WINNER OF EVERY BEST MUSICAL AWARD ON BROADWAY
INCLUDING THE TONY AWARD AND THE PULITZER PRIZE
17 JUNE – 9 SEPTEMBER 2023
Final casting and the full creative team is today (23 May) announced for the London season of the smash-hit musical A Strange Loop, as first-look rehearsal images are released. A Strange Loop is transferring from Broadway to London’s Barbican Theatre for a one-time-only 12-week limited season from 17 June, with a producing team including the National Theatre, Jennifer Hudson and Alan Cumming among others.
The full cast is led by Kyle Ramar Freeman who is making is West End debut reprising the role of Usher, which he played on Broadway, who grapples with desires, identity and instincts he both loves and loathes, all brought to life on stage by a hilarious, straight-talking ensemble of ‘thoughts’.
Thought 1 is Sharlene Hector best known for being a lead vocalist for British band Basement Jaxx, Nathan Armarkwei-Laryea (Women Beware The Devil, Spring Awakening, Hamlet) plays Thought 2, Yeukayi Ushe (The Lion King, Kinky Boots, The Book of Mormon) is Thought 3, Tendai Humphrey Sitima (The Play That Goes Wrong) plays Thought 4, with Danny Bailey (Jesus Christ Superstar, Girl From the North Country) as Thought 5 and Eddie Elliott (Blues for an Alabama Sky, The Lion King and Motown The Musical) playing Thought 6.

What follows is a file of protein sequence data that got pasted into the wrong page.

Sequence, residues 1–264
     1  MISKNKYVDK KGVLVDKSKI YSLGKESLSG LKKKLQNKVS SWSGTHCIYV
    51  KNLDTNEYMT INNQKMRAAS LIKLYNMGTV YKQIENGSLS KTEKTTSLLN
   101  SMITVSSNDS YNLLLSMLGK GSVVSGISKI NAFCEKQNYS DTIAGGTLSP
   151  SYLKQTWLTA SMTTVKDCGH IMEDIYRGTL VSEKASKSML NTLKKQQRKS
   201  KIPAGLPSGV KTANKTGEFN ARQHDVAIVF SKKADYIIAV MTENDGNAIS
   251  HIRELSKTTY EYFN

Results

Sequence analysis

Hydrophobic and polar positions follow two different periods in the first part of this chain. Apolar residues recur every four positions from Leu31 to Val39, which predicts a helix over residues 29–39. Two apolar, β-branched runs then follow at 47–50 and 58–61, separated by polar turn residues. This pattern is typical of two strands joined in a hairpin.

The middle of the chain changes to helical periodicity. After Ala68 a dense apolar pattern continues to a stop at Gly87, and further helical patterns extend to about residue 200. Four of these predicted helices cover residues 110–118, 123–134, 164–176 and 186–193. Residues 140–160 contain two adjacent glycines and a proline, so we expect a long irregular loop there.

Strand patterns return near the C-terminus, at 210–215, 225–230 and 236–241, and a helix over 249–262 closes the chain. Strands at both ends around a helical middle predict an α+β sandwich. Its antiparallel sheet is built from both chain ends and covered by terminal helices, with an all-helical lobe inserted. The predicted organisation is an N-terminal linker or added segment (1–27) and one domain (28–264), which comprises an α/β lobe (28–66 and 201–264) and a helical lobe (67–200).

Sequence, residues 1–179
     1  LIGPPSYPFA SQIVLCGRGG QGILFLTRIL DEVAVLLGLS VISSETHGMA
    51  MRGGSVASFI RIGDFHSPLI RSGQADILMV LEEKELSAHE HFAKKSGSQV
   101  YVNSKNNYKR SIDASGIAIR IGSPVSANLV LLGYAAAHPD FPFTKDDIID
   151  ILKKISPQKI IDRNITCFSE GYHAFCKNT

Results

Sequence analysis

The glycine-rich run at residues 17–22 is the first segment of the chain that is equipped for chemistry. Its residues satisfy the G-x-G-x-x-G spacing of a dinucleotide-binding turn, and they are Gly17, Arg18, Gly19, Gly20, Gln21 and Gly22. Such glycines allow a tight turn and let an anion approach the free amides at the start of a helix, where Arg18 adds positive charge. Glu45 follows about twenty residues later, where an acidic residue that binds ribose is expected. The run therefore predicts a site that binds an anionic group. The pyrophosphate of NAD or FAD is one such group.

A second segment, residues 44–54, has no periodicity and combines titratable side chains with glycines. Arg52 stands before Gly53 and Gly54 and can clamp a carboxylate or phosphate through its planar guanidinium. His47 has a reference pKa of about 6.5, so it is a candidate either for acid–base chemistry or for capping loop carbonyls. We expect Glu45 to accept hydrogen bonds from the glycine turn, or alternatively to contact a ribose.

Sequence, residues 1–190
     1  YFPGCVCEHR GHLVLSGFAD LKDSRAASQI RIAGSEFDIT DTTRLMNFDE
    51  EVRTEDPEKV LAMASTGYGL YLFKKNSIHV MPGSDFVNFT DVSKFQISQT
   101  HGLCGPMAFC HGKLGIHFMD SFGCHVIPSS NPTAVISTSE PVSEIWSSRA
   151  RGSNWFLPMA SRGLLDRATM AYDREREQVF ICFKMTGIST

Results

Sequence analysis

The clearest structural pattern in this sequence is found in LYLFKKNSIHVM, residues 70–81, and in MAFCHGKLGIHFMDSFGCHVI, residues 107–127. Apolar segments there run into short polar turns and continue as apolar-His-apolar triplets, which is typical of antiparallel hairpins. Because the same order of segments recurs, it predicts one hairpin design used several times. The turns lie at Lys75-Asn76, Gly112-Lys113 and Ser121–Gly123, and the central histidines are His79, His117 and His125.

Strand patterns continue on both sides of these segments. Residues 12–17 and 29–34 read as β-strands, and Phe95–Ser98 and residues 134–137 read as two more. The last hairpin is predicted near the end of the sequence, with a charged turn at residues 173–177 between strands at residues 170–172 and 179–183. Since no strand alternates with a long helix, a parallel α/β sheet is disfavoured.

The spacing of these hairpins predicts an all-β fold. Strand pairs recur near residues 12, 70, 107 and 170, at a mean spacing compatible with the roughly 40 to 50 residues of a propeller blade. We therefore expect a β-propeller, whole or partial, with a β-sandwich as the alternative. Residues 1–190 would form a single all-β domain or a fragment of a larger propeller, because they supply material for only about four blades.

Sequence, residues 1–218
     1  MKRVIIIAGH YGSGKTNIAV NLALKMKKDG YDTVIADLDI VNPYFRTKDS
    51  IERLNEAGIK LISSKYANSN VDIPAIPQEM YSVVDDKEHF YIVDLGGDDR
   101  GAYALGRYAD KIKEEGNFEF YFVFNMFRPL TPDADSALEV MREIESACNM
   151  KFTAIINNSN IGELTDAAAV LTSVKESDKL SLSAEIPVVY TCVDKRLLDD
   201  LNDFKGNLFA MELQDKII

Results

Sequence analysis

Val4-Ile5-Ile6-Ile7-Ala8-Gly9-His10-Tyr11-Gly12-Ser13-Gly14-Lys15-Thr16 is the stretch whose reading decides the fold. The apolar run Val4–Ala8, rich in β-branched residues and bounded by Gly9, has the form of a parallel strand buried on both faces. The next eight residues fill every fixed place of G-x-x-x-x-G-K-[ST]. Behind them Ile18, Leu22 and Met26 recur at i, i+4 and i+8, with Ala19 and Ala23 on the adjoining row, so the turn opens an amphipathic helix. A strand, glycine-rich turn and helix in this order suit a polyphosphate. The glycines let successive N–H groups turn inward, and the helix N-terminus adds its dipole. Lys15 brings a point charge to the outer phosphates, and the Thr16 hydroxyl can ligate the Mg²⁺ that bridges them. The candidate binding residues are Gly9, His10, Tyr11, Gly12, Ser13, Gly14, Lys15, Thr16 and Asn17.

Written by Michael R. Jackson and directed by Stephen Brackett, this blisteringly funny masterwork exposes the heart and soul of Usher – a young, gay, Black writer who hates his day job, so writes a musical about a young, gay, Black writer who’s writing a musical about a young, gay, Black writer…a strange loop.
Jackson’s critically acclaimed Pulitzer Prize-winning A Strange Loop, was nominated for 11 Tony Awards and winner of every Best Musical award in New York. Only the 10th musical to win the Pulitzer Prize for Drama – with the previous winner being Hamilton – the committee cited the show as a “metafictional musical that tracks the creative process of an artist transforming issues of identity, race, and sexuality that once pushed him to the margins of the cultural mainstream into a meditation on universal human fears and insecurities”.
The New York critics heaped plaudits on this sensational production: The New York Times said the show was a “dazzling ride” and “no measure of praise could be too much”. The Wall Street Journal described the show as “hilarious, intimate and personal” adding that “A Strange Loop is extraordinary in just about every way. It represents theater at its most daring and unexpected”. And Variety summed it up, hailing A Strange Loop as “the most furiously entertaining show on Broadway”.